Thanksgiving Table Discussions


Dr. Corinne Masur

People are afraid this Thanksgiving– not of the usual dried out turkey, but of the discussions that are anticipated at the table. Some are even skipping Thanksgiving altogether, in order to avoid painful conversations and heightened tension at their usual holiday gathering places.

This year poses even greater challenges for families than in previous years. The interpersonal differences and conflicts that we expect to at the holidays are trumped by the election hangover. Families that have members who voted for both Clinton and Trump are grappling with what do do.

For those who have decided to meet anyway, and even for those who agree on the election results, there’s something else to consider: what will the children at the table hear and what does it mean to them?

Conflict of any sort, but especially loud conflict, can be scary to babies and children. And people sitting at Thanksgiving tables where the election results will be discussed are likely to experience and express conflict as well as angst, worry, and fear about what the future will bring.

What to do for the children? At what point is it time for them to be excused? And what do we say about why they need to be excused, about the discussion, the conflict, the disagreement, the worry and about the actual content of what is being said?

These are such hard questions – and parents all over this country are searching for answers to them.

For Clinton supporters, the next four years look bleak. Many are scared. Many are worried about what will happen to themselves and to their families, to friends who are immigrants, to LGBT loved ones, to the environment, to international relationships…the list goes on.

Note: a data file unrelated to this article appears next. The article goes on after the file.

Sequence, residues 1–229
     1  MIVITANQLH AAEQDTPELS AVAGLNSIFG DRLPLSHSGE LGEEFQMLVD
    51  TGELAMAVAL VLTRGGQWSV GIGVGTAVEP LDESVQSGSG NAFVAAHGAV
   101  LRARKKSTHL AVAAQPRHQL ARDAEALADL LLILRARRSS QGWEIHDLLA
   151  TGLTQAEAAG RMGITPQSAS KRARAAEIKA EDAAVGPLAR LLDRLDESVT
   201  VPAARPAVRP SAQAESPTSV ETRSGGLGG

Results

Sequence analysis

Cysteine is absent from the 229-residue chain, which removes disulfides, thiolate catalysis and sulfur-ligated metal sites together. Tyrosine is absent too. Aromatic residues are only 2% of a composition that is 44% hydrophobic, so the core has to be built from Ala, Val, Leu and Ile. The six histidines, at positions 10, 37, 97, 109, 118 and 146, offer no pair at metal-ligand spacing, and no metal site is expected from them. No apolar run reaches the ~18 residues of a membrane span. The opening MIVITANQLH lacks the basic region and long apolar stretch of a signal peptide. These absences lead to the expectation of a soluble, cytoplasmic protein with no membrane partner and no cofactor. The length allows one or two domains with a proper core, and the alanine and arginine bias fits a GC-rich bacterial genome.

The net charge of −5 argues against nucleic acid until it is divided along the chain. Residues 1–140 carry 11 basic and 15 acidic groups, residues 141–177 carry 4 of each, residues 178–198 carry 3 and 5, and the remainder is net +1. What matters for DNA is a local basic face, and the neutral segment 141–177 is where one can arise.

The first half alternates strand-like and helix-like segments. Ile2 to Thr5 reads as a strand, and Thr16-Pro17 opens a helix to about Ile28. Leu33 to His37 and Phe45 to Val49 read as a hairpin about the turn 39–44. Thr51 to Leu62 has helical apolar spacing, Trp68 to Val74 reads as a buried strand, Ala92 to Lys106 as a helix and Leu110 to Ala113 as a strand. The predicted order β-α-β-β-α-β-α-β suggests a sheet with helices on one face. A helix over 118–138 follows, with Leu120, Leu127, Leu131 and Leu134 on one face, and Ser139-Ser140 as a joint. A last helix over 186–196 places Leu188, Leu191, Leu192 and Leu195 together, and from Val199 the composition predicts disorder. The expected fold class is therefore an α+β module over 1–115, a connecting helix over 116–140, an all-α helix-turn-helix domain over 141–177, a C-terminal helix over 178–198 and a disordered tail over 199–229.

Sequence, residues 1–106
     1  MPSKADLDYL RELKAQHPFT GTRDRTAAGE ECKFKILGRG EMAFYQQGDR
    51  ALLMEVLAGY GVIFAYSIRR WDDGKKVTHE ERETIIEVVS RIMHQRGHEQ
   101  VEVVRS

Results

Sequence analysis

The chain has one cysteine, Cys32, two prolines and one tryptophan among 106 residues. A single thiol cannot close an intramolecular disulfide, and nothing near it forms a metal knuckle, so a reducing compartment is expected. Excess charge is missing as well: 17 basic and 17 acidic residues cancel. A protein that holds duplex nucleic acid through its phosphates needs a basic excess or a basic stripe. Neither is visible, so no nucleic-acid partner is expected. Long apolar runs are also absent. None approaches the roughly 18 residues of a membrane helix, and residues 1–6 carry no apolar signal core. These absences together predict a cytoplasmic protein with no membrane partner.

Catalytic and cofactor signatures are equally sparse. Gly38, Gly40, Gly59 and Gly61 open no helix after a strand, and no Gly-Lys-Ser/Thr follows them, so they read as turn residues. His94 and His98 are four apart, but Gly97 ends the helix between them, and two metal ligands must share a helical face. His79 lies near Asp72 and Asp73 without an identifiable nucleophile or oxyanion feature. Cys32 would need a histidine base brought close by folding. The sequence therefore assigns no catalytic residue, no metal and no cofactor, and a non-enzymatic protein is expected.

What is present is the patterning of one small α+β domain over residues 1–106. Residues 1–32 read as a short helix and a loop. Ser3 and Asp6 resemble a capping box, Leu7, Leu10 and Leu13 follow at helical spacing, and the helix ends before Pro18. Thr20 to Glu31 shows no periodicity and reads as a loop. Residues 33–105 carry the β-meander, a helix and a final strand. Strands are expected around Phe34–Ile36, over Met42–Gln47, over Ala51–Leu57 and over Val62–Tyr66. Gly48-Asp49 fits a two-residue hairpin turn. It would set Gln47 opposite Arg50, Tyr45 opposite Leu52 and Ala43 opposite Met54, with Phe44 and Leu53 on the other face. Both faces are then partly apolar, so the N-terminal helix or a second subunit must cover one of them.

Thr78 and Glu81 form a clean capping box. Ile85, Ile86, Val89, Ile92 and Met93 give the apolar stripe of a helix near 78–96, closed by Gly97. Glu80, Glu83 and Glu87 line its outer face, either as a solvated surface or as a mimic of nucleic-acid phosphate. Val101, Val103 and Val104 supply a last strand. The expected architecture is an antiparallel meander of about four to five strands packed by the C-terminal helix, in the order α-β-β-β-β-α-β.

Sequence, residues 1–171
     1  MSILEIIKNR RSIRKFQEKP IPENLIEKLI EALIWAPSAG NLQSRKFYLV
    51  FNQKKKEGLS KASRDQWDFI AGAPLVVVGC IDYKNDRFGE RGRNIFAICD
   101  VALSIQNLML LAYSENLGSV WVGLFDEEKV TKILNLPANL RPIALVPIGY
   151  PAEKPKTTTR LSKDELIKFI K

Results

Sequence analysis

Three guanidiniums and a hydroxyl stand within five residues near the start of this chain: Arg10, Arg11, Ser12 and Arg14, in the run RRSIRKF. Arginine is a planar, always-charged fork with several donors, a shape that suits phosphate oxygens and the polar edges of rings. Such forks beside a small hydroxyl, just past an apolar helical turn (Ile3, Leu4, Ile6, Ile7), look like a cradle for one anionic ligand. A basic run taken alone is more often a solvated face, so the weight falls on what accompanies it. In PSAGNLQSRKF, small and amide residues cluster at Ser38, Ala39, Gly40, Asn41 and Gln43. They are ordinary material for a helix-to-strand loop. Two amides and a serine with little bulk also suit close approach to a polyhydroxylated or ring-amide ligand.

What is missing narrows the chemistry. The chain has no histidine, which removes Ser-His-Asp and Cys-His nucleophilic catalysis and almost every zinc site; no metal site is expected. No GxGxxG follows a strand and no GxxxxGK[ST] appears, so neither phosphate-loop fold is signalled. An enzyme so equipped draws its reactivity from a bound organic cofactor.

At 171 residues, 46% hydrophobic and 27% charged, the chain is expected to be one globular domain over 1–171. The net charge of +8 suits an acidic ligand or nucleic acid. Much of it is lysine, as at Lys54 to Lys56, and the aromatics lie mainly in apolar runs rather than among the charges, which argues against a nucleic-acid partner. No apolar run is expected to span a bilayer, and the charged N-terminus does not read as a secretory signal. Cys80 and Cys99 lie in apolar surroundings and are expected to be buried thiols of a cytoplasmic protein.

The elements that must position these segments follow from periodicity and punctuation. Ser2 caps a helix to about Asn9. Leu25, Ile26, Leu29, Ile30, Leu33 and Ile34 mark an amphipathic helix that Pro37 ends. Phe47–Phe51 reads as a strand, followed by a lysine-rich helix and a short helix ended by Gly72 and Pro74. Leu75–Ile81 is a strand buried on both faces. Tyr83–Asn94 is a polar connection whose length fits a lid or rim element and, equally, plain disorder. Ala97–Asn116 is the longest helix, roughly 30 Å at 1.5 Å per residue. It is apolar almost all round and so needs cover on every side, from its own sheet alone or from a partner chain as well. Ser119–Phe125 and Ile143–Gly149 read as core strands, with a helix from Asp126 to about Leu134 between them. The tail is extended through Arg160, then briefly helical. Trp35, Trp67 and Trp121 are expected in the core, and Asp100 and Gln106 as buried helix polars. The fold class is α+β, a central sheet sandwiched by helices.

Trump supporters, on the other hand, may be worried about the opposition, which is already being voiced toward their new president elect. They may be angry about this opposition.

On both sides there are strong feelings. And while children can certainly listen to and take part in calm discussions where differences of opinion are voiced, loud, angry discussions are not helpful to their sense of safety and well being.

So here are my suggestions:

1. Prepare your children for what to expect:

Before the holiday, talk to your children about what may happen at Thanksgiving. Talk to them about the possibility that there will be discussions about the election, about President Elect Trump and Hillary Clinton, and that people may have strong feelings about them. Reassure your children by telling them that people can disagree on subjects, they can even raise their voices, but they can still care about each other and love each other. For example, you can say, “When we visit Aunt May, relatives will be there who have different opinions about the election. They will talk about what they did not like about Hillary Clinton/Donald Trump. They may even get upset. People have strong feelings about this election and not everybody agrees. No matter what people say, you will be safe at Aunt May’s and you can always ask me questions about anything that anybody says.

2. Bring distractions:

Before Thanksgiving, go out and get some art supplies, Legos, or small projects – whatever your children like to do – and take them with you, without telling your children that you have them. If you feel that a discussion is getting too heated, excuse the children from the table and set them up in another room, preferably out of ear shot, to do their surprise projects.

3. Process:

Each time there is a heated discussion, talk to your children afterwards. Ask them what they heard and what they felt. Let them ask questions about the experience.